Is social media causing teen suicides? NJ lawmakers asking
A package of bills is working its way through the Statehouse aimed at reducing the amount of teen suicides, the third leading cause of death among teens in the state.
Nearly 700 people took their own lives in 2016 in New Jersey according to state data, with suicide a particular concern among teens.
One champion of these new proposals is Assemblyman Herb Conaway Jr., D-Burlington.
One proposal is to explore the use of cellphones and social media use on children in school. Conaway says teen suicides have been increasing over time and one thing we know that correlates with that is the increased use of smartphones and social media. The question is whether or not there's a link.
There are have been some reports and studies suggesting ties between social media use and depression, Conaway said.
A 15-member state commission would be tasked with exploring connection of suicide to use of electronic devices and social media use in schools.
They would also look into "the effect that this usage would have on their emotional health, whether or not there is a correlation between that usage and incidents of harassment, intimidation or bullying or other destructive and violent behaviors we sometimes see in schools," Conaway said.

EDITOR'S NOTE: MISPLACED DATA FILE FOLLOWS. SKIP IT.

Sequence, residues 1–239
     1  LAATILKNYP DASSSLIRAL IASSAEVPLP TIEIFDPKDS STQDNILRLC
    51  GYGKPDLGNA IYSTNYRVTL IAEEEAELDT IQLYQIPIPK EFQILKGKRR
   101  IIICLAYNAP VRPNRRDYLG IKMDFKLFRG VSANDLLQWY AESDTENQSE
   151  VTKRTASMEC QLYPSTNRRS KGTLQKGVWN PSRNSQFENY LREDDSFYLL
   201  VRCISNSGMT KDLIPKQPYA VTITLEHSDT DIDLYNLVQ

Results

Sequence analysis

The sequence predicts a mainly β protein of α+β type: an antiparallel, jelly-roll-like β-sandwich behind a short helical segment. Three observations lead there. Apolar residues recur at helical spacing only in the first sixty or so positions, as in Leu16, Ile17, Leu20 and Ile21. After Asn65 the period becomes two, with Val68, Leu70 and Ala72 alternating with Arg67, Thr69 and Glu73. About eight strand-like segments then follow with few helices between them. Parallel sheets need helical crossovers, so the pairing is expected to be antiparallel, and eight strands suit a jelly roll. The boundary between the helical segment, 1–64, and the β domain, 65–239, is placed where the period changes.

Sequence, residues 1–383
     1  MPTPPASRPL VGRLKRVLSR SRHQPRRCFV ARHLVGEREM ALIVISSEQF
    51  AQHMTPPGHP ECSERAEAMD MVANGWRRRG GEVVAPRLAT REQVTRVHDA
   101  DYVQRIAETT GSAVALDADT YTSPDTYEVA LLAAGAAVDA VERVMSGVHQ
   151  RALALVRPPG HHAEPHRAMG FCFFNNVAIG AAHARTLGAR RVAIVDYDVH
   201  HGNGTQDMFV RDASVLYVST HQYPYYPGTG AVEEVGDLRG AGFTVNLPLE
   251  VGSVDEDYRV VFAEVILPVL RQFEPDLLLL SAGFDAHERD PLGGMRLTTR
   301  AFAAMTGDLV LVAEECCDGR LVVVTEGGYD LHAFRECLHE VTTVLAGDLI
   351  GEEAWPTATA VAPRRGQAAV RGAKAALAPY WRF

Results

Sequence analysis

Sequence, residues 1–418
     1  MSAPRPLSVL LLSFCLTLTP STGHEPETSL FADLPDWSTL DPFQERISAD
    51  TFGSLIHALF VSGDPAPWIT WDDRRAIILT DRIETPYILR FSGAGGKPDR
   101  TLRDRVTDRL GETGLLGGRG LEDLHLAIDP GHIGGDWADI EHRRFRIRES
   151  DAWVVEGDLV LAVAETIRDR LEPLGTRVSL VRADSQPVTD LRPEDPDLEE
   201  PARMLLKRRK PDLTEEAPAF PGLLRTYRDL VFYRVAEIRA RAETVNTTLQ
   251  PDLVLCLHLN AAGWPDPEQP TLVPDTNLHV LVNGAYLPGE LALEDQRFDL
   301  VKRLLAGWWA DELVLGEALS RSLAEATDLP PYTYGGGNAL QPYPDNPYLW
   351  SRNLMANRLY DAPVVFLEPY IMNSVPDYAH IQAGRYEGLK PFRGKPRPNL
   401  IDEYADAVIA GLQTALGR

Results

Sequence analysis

The panel would look at what impact cell phone use would have on exercise. Exercise reduces stress and is important for mental health.
Another proposal would require schools to implement depression screenings for students in grades 7 through 12. Conaway says many kids are not diagnosed until they are adults. He recommends middle school children undergo depression screenings. There's a high prevalence of depression in adolescent and teen populations, says Conaway. Only half get diagnosed before reaching adulthood and don't get treatment.
He hopes this bill hopefully will get people on the path to treatment and getting the things they need for their mental health.